Olfactory repeated discrimination reversal in rats: Effects of chlordiazepoxide, dizocilpine, and morphine

Mark Galizio, Laurence L Miller, Adam Ferguson, Patrick McKinney, Raymond C. Pitts

Research output: Contribution to journalArticlepeer-review

8 Scopus citations


Effects of a benzodiazepine (chlordiazepoxide), an N-methyl-D-aspartate receptor antagonist (dizocilpine), and an opiate agonist (morphine) were studied with a procedure designed to assess effects of drugs and other manipulations on nonspatial learning in rats. In each session, rats were exposed to 2 different 2-choice odor-discrimination problems with food reinforcement for correct responses. One problem (performance discrimination) remained the same throughout the study. That is, 1 odor was always correct (S+) and the other was never correct (S-). For the other problem (reversal discrimination), stimuli changed every session. Six different odors were used to program the reversal discrimination; on any given session, S+ was a stimulus that had served as S- the last time it had appeared, S- was a stimulus that had been S+ on its last appearance. Thus, in each session, learning a discrimination reversal could be studied along with the performance of a comparable, but previously learned, discrimination. Chlordiazepoxide interfered with reversal learning at doses that had no effect on the performance discrimination. Morphine and dizocilpine also impaired reversal learning but only at doses that also affected performance of the well-learned performance discrimination.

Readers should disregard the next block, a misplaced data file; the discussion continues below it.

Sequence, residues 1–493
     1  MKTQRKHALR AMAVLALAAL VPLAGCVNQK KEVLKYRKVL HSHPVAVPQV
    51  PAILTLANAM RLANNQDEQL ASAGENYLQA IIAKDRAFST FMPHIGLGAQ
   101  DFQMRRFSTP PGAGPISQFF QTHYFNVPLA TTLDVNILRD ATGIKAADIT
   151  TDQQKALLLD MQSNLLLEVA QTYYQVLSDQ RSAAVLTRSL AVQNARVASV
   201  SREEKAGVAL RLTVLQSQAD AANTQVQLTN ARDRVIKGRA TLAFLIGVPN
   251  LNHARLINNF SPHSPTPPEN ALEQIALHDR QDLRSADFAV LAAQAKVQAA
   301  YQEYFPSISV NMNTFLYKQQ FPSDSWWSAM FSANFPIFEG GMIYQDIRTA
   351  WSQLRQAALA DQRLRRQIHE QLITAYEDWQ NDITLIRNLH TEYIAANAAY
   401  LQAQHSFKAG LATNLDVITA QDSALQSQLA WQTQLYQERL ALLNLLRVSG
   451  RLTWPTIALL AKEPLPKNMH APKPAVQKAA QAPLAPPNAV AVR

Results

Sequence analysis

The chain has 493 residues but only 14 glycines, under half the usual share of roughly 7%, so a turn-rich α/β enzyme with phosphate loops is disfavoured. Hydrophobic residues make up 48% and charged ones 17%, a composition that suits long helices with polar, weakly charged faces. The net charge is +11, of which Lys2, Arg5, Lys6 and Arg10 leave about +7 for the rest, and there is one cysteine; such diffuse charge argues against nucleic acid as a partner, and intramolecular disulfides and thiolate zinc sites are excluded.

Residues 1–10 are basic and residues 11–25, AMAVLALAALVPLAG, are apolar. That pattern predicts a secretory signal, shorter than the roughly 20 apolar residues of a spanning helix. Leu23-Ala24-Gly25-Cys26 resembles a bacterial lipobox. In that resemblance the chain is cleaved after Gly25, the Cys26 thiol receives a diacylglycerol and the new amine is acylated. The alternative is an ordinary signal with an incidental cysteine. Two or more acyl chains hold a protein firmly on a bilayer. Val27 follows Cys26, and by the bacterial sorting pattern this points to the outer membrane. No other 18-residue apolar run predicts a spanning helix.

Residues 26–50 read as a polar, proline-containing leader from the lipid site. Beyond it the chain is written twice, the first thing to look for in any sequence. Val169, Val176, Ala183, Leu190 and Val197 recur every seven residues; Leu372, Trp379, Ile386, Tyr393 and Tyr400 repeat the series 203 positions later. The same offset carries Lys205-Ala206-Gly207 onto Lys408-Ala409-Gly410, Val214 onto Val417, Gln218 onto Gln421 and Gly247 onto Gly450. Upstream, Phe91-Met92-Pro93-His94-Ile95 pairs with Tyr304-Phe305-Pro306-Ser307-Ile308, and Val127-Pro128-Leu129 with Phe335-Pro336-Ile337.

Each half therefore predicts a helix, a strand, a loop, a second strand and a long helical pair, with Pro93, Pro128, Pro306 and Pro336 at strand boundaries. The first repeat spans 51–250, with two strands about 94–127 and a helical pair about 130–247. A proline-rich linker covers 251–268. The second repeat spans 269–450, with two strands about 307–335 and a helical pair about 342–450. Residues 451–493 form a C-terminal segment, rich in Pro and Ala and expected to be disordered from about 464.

Original languageEnglish (US)
Pages (from-to)1175-1179
Number of pages5
JournalBehavioral Neuroscience
Issue number5
StatePublished - Oct 2006
Externally publishedYes


  • Benzodiazepine
  • Learning
  • Morphine
  • NMDA antagonist
  • Odor discrimination
  • Repeated acquisition

ASJC Scopus subject areas

  • Behavioral Neuroscience


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